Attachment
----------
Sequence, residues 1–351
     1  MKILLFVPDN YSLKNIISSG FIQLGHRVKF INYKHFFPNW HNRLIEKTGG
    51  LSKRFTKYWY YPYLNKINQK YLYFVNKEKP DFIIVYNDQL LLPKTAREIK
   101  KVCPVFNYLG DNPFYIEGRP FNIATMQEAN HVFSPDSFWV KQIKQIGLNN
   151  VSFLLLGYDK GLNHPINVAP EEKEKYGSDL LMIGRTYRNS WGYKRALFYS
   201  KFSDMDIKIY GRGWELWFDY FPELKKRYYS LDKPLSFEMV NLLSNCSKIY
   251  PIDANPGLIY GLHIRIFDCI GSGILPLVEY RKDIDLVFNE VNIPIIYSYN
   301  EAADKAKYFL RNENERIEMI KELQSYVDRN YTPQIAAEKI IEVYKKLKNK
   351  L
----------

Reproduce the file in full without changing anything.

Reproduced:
Sequence, residues 1–351
     1  MKILLFVPDN YSLKNIISSG FIQLGHRVKF INYKHFFPNW HNRLIEKTGG
    51  LSKRFTKYWY YPYLNKINQK YLYFVNKEKP DFIIVYNDQL LLPKTAREIK
   101  KVCPVFNYLG DNPFYIEGRP FNIATMQEAN HVFSPDSFWV KQIKQIGLNN
   151  VSFLLLGYDK GLNHPINVAP EEKEKYGSDL LMIGRTYRNS WGYKRALFYS
   201  KFSDMDIKIY GRGWELWFDY FPELKKRYYS LDKPLSFEMV NLLSNCSKIY
   251  PIDANPGLIY GLHIRIFDCI GSGILPLVEY RKDIDLVFNE VNIPIIYSYN
   301  EAADKAKYFL RNENERIEMI KELQSYVDRN YTPQIAAEKI IEVYKKLKNK
   351  L